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Introduction and Overview

Contents:

Introduction

Typo3 is a content management system a tool that allows users to add and update content keeping their website current without having to use or know HTML.

When someone wants a website on the Typo3 server, it is first designed and developed by the Creighton University Web Design team and then turned over for content entry and management.  Content entry and management usually falls to one or more designated people within a department, division, school etc.  Using a CMS gives the user control of their content without having to worry over the fiddly bits.

The department is responsible for the content in their web site, and the webteam is responsible for the architecture (structure) of the site as well as generating the code that controls the look and feel of the site.

This manual was created for Typo3 version 4.2.  There are a few differences between the User Interface of the main Typo3 installation and the Medschool Typo3 installation, these are noted where they occur.

Also, I tried to approach it from as basic a level as I can.  However, I've been banging keyboards for close to 20 years now so my perspective is quite different from that of someone who, for example, just learned how to forward email.  So if my explanations are too complex or seem to be in some other language, please let me know.

When I started this project, I envisioned oh, about 50 pages...  it's now about 330 pages and growing.  Every time I think I've learned all there is to know, I find something else new. And I find myself amazed at Typo3's versatility.  I haven't found the "wash the dishes" or the "do the laundry" icons/buttons yet, but I'm still looking, I'm pretty sure they are here somewhere.

This site is largely image based

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Different Browser's - Different looks in Typo3

The browsers used in the images for this site were Windows FireFox 3.0.10, Mac Firefox 3.5.3 and Mac Camino 1.6.10.  Typo3 can look different in different platforms and different browsers and it is possible it will look different in different versions of the same browser.  Buttons/icons may be in different places and will have different appearances.  If you do not see the configuration as illustrated in the images on this site and cannot find a button/icon illustrated please contact the webteam, we'll be happy to assist.

For many of the functions (adding an image, adding a link, inserting records, adding a table) in Typo3 you must have popups enabled.

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Medical Server, Main Server

As I noted above, there are some differences between the main Typo3 server and the Medschool server.  You you find one I've not noted, please let me know what this is.

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Administrators

There are a few people who have administrator status in Typo3 who are not in the webteam.  Those people will see much more than is illustrated in this manual and will have (and yet) more ways of doing any one thing.  I apologize but I won't be addressing any of these tools, at least not yet.  With 330 pages of content for general users, the administrators special tools will have to wait to be addressed.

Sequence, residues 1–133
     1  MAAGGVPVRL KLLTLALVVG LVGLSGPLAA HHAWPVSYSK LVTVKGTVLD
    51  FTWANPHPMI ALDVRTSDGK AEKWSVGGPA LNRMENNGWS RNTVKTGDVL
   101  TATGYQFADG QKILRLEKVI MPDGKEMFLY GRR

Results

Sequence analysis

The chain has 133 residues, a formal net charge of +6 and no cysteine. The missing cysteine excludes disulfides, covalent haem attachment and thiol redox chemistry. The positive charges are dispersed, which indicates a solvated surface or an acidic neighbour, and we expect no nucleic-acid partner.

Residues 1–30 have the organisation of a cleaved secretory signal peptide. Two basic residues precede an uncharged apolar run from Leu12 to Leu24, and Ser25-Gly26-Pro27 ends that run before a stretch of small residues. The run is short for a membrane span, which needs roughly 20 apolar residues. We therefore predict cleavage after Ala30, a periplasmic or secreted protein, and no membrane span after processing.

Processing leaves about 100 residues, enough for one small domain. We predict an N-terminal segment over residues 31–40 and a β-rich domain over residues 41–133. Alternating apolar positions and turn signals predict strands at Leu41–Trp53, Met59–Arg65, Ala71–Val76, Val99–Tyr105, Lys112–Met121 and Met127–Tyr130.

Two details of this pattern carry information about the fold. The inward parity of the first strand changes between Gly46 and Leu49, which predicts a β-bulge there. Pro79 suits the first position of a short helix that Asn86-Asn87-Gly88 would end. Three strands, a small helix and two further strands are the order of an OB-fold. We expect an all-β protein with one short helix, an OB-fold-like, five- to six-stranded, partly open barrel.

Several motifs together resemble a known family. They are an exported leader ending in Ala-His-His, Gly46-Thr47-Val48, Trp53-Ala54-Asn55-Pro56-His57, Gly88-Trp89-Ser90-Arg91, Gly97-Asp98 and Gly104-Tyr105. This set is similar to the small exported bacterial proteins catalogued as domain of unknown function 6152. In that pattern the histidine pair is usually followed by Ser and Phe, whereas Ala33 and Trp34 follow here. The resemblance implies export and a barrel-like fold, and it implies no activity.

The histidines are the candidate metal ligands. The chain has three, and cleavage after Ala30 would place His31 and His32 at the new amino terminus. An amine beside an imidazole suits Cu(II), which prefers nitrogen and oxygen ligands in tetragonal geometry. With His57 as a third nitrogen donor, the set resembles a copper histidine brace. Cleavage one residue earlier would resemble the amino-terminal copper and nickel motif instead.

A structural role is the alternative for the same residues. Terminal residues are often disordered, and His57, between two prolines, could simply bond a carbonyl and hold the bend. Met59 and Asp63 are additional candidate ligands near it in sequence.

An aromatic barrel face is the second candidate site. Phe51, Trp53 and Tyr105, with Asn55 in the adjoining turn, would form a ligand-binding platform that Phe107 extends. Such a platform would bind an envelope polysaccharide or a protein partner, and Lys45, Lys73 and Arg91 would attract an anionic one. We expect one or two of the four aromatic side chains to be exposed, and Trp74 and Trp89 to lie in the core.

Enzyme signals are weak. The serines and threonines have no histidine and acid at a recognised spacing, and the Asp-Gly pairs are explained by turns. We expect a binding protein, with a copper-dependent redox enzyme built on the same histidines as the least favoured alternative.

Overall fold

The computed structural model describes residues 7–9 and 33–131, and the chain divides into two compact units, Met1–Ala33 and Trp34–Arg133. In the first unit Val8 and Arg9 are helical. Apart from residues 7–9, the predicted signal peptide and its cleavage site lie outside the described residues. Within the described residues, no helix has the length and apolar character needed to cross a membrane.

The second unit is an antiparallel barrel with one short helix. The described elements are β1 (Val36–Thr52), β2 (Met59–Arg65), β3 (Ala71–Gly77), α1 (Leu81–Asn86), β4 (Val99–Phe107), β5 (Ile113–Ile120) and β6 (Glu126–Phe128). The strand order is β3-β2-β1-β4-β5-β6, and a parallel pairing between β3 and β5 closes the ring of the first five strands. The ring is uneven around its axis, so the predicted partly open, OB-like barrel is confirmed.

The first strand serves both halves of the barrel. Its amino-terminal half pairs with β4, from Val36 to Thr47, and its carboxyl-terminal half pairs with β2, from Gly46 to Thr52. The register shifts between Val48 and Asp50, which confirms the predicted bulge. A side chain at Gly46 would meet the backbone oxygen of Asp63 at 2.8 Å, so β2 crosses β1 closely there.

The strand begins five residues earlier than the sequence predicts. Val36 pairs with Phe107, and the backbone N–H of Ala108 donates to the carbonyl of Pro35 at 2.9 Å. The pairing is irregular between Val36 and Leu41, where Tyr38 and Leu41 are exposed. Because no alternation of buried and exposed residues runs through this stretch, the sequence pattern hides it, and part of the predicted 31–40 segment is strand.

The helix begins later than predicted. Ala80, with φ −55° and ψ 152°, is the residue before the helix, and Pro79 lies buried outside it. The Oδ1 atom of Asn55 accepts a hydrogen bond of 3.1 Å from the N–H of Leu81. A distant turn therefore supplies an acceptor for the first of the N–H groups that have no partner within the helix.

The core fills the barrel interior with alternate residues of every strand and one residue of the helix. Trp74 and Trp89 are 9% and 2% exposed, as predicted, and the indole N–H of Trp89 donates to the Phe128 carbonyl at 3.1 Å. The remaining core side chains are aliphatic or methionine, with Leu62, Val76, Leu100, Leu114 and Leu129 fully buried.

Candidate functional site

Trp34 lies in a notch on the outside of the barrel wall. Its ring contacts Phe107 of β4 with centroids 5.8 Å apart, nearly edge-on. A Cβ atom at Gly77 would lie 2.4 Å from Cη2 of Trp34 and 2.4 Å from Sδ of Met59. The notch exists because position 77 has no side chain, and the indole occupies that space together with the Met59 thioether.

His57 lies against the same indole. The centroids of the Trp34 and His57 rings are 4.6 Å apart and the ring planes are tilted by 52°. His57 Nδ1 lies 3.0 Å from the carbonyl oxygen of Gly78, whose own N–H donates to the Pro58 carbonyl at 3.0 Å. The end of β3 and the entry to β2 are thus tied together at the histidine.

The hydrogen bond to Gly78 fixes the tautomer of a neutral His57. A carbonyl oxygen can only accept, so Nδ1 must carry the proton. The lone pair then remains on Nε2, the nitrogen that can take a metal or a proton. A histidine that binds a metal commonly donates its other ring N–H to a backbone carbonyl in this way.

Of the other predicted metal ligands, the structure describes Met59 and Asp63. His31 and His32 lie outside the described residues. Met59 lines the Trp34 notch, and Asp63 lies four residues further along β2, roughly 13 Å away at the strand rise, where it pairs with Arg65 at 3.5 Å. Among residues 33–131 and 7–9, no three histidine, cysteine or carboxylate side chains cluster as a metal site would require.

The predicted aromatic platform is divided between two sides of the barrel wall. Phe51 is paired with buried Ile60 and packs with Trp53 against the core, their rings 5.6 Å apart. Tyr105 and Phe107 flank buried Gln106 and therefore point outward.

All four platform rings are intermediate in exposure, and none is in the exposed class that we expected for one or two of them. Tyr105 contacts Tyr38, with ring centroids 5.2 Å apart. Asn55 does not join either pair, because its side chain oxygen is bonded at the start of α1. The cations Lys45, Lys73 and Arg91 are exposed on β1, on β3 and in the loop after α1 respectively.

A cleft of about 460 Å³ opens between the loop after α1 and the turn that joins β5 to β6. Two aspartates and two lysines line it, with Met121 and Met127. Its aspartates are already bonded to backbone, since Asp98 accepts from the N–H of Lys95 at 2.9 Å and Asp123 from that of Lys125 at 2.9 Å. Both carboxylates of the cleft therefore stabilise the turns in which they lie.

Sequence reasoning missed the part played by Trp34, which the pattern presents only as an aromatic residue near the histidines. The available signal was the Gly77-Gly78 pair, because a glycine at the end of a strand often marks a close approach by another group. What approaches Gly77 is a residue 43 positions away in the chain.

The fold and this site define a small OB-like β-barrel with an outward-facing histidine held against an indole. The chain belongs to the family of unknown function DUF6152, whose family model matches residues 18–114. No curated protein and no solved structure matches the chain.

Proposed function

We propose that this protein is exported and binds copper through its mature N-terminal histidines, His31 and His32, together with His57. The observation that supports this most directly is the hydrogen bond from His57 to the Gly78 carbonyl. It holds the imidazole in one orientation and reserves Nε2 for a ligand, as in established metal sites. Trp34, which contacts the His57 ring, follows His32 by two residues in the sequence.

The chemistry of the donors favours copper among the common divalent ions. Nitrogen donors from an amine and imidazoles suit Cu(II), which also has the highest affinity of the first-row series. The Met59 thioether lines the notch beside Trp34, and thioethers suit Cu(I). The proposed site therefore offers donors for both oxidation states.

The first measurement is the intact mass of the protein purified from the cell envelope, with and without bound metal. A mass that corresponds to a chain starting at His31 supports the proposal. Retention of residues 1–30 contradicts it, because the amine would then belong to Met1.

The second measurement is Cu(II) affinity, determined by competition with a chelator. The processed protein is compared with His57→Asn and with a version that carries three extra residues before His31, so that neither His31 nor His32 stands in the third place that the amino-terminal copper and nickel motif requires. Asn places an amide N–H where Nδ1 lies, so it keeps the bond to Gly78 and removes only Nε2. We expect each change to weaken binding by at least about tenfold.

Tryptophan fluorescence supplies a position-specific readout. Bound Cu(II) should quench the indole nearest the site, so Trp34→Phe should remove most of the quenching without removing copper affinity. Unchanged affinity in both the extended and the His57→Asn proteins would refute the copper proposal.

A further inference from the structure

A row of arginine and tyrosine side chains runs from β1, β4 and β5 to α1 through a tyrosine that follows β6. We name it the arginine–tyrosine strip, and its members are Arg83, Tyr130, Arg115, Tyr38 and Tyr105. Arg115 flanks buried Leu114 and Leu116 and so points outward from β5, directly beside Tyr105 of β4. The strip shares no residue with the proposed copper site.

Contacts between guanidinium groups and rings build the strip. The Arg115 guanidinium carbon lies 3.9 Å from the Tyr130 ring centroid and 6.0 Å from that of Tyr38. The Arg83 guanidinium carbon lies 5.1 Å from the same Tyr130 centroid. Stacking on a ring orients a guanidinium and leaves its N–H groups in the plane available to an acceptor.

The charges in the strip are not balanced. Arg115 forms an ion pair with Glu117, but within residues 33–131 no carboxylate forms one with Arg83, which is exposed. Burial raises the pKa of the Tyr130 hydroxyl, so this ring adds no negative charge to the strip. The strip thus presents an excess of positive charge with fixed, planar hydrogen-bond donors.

Making Typo3 more useful

Secondary Options checkbox

Secondary Options checkbox - Most of the information/instructions in the manual assumes that you work with "Show secondary options (palettes)" checked.  Without it, you'll be missing many valuable options. The Show secondary options (palettes) checkbox can be found at the bottom of any property tab or content element tab.  Once you check one all palettes will display.  

Dreamweaver

We've had a number of people ask about using Dreamweaver with sites in Typo3.  You cannot.  Really it defeats the purpose of a Content Management system.  In a CMS users only need to concentrate on the content, not on the pages themselves.  In any CMS, there really are no pages that you could edit anyway.  The content is stored in a database and displayed using CSS files and a basic HTML template.

Okay, why can't I edit the HTML or CSS.  We do not allow this, all the sites are designed and built according to Creighton and W3C standards.  While there is a little wiggle room in the W3C standards, there isn't in the Creighton standards.  So to prevent a slide away from these standards and to (hopefully) retain a consistent look among Creighton sites (and no, not all sites have been migrated into this system yet so you can find some very old Front Page sites still out there) we restrict access to the HTML and CSS files.  

Extended View - getting the most out of the List Module

For most of the functions you'll need to have a few features turned on and understand the icons you will use.

When you are in list view if you see no icons to the right of your content or your pages you will want to check "Extended View" just under the list.

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Once turned on you will get a series of icons to the right of the page or content element name.  These are covered under "List Module".

Click image for full size:

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